Once some of the Spotify users clicked on the ads, they were redirected to suspicious pop-ups.

Other users experienced malware installation attempts.

Music streaming platform was informed about the fraud by its users, and shortly after solved the issue.

The New York Times and BBC

In 2016, major news websites, including The New York Times and BBC, were targeted in a malvertising attack.

After clicking on the ads, users were redirected to malware pages that included the Angler exploit kit, aimed at forcing the installation of the cryptolocker-style software. With this type of malware, the hard drive is encrypted, and users are asked to pay the fraudsters Bitcoin to unlock it.

This attack lasted for around 24 hours.

Covid-19

Lastly, it is important to note that for the last few years malvertising was decreasing, however, it came back as strong as ever in 2020. And as in many cases this year, Covid-19 is to blame.

With Covid-19 news occupying the media this year, fraudsters took this opportunity to inject seemingly Covid-19 related advertisements with malicious code to either send readers to malicious websites or get malware installed on their computers.

How to Prevent Malvertising

Given the fact that online giants, such as The New York Times or Spotify, have suffered from malicious ads, it is evident that the measures the fraudsters take improve daily. However, there are some steps you can complete to increase the likelihood of staying safe while browsing.

Use and update your antivirus software

Using a high-quality antivirus program is one of the first steps you should take when working on your cybersecurity. Keeping it up to date is the second one - especially when it comes to malvertising prevention.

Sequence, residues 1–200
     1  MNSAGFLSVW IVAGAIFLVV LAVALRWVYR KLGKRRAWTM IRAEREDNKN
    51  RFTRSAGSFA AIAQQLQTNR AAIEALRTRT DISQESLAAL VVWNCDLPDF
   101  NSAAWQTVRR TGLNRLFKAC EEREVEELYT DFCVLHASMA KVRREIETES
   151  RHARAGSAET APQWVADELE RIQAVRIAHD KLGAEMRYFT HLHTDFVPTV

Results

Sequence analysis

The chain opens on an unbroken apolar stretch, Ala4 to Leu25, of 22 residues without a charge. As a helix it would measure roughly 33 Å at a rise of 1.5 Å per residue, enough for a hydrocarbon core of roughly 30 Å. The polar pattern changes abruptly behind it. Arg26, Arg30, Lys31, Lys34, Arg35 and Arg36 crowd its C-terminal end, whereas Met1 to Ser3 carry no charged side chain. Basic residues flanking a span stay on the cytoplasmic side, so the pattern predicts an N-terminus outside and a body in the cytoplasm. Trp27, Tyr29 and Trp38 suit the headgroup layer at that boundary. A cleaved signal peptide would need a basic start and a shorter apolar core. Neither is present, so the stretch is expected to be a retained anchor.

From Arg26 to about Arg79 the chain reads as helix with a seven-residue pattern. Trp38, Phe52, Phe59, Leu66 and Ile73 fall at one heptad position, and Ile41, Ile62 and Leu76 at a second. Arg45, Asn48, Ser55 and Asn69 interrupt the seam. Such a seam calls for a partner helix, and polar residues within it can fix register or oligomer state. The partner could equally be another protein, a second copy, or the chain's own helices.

When trying to prevent malvertising, make sure not to get tricked by fake security apps. While they claim to protect you, they may be spying on you instead - only use trusted providers for your cybersecurity.

Consider using ad blockers

Even though relying on ad blockers alone is not sufficient, it’s a great starting point. These online tools block pop-ups and banner ads, hence you are less likely to suffer from malicious ads.

What you have to keep in mind, though, is that fraudsters have already come up with workarounds against ad blockers. Hence, using them with other tools (such as antivirus programs) is the only way to go.

What is more, you should judge ad blockers with a grain of salt. While using them will prevent you from seeing the ads that can be infected with malicious code, they harm the advertising industry in general.

By installing an ad blocker on our browsers, we cut revenues for websites. While some publishers may not feel harsh consequences, others will suffer tremendously. As an alternative, you can opt for ad filters, such as uBlock Origin or Ghostery.

Update your browser and uninstall its plugins

Keeping your browser up to date is vital as it’s vulnerable to drive-by download attacks. The sooner you take care of all those necessary updates, the better.

When it comes to browser plugins, you should uninstall Flash and Java altogether. The latter is no longer supported, and the former is set to end its life at the end of 2020. Therefore, to prevent security vulnerabilities on your browser, uninstall these plugins as soon as possible.

Bottom line

Malvertising is hard to spot and ugly to deal with. However, taking some steps in advance may work as prevention and reduce the harm that you may encounter when becoming a victim.

As we are getting ready to encounter the second wave of Covid-19, we can be sure that malvertisers are not wasting their time, either. Just like they did in the Spring of 2020, they’ll be coming back with malicious tactics that we have to be ready for.